As soon as I saw one of my later images, with the bird's wings and tail flared for soaring, I had a hunch that I'd been fooled. Fooled? Yes, fooled.

It was a large, immature, female American kestrel.

The strong wing beats? They could have been those of an inexperienced flyer. But it had flown like a merlin, and looked like one when I saw it head on, coming at us.

The dark wingpits? Perhaps a trick of the light, or a symptom of Falcon Fever?

The large apparent size? That came from its age and gender—young raptors are often larger than their parents after leaving the nest. But it also came from the White Sky Effect. This unofficial phenomenon is well known among birders: Any bird seen against a background of bright overcast or white sky can appear much larger than it actually is. I don't know any of the science behind this phenomenon—it could be all bunk for all I know.

But I also know that it's easy to blow a bird identification, even under ideal viewing conditions. It's one of the things that keeps us humble as bird watchers. And it's also one of the things that keeps me coming back for more. Because every so often you actually get a hard bird identification right, and that feels really good.

I am now under doctor's orders to watch first, remember the obvious, and speak only after a moment or two of quiet reflection. It is hoped that this will cure me of Falcon Fever.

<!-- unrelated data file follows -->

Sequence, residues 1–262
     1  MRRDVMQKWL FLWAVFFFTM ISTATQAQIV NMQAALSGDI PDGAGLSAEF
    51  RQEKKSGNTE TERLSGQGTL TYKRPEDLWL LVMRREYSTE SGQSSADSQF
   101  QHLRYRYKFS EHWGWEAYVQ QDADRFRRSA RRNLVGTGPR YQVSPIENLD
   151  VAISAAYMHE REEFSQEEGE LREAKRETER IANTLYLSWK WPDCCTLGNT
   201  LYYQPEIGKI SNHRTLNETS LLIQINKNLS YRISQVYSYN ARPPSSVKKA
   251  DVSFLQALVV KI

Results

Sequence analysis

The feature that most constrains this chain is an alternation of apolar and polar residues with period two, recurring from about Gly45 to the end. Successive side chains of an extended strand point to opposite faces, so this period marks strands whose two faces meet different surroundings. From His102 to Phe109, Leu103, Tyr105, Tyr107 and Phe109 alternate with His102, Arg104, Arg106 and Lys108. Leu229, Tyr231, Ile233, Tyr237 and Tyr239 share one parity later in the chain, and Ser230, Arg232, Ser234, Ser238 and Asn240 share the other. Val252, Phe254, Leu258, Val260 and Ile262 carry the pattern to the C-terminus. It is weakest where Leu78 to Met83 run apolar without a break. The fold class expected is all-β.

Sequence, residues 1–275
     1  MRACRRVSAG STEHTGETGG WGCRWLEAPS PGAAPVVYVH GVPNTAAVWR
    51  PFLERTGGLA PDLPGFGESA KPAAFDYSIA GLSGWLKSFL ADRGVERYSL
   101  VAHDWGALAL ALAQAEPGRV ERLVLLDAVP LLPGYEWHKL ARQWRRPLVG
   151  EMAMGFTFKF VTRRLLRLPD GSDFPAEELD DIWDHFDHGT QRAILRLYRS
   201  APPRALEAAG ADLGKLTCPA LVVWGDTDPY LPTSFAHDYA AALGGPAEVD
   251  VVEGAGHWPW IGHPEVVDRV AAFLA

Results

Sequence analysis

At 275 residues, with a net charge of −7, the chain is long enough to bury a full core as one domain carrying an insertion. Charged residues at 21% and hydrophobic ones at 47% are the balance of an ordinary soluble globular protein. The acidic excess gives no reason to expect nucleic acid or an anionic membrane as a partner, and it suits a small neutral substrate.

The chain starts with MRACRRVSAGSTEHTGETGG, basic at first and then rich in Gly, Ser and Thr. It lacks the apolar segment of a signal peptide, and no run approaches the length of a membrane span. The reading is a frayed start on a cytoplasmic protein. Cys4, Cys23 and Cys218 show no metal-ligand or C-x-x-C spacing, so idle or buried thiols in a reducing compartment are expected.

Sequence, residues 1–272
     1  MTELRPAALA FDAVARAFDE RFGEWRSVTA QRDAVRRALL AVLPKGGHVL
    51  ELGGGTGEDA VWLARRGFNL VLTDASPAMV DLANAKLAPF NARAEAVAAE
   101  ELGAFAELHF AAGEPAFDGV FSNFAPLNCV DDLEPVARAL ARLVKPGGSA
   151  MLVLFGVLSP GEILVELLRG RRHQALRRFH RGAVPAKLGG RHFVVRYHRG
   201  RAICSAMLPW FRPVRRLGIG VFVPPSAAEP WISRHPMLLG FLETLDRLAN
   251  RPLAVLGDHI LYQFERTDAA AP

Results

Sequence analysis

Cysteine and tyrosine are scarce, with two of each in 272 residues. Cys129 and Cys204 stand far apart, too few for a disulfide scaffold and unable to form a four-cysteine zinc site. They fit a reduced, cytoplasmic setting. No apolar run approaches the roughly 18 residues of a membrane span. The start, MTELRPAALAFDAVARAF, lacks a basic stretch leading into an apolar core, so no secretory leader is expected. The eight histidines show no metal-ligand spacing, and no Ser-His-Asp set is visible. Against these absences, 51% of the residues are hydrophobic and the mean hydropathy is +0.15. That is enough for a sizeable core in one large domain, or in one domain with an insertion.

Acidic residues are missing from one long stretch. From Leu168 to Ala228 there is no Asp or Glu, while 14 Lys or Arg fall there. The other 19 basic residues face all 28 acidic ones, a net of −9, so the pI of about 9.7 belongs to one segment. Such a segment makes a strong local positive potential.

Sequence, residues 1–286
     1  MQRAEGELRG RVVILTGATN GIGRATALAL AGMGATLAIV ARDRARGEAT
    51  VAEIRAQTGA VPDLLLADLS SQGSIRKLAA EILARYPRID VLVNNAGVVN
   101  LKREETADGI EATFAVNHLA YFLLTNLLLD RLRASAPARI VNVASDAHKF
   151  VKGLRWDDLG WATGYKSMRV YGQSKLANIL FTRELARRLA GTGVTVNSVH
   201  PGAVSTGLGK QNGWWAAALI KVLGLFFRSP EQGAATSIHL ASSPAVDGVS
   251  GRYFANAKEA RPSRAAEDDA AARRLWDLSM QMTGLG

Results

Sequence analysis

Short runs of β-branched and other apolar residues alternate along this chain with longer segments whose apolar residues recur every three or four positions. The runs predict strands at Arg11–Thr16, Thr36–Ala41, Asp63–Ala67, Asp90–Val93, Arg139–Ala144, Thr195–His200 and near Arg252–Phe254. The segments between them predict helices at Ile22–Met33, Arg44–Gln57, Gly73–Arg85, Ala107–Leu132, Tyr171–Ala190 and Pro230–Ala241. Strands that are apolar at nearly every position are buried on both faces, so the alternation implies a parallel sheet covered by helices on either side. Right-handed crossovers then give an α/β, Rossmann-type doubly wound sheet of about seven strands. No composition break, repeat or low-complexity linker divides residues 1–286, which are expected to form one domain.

Soaring and looking big.


This CAN'T be a kestrel.


Hey! Dark wingpits! DUDE!


DOH! It's a kestrel. Check out the thin wings and red tail!

I know some of you are saying to yourselves, "Bill, there's nothing in these photos that says ANYthing else, but kestrel." And you'd be right. But you had to be there to catch the fever like I did! It's not the first time I totally blew a call and it surely won't be the last.

Special thanks to Nina of Nature Remains, for not going "Haa-haa!" like Bart on "The Simpsons" when we discovered how utterly wrong I was about this bird. And to Zick, who DID say "Haa-haa!" But only after first trying to convince me that this was just a big, young kestrel. I should have listened.

15 comments:

On September 28, 2009 at 6:25 PM Anonymous said...

Bad calls happen! Thanks for sharing this piece of humble pie with us BOTB! It's good to know that a birder of your experience can sometimes get it wrong, just like the rest of us.;-)

Love the blog!

Matt

On September 28, 2009 at 6:47 PM Dave Lewis said...

At least it wasn't a '62 Ford Falcon!

On September 28, 2009 at 8:09 PM nina at Nature Remains. said...

Believe it or not, I probably got more out of the entire discussion that followed the confusing ID, than if you had simply named it without any hesitation--and nailed it with one blow.
Hearing the thought process was soooo helpful--as each little tidbit (oops, sorry--"field mark")was analyzed and added to create the whole.
And there's no greater way to urge another to be brave with a guess, than to openly show how even the best of the birders wrestle with their IDs.
I saw a falcon at MBS (Back to the Wild) anyway.
I saw great birders bird on Indigo Hill.

On September 28, 2009 at 9:09 PM Susan Gets Native said...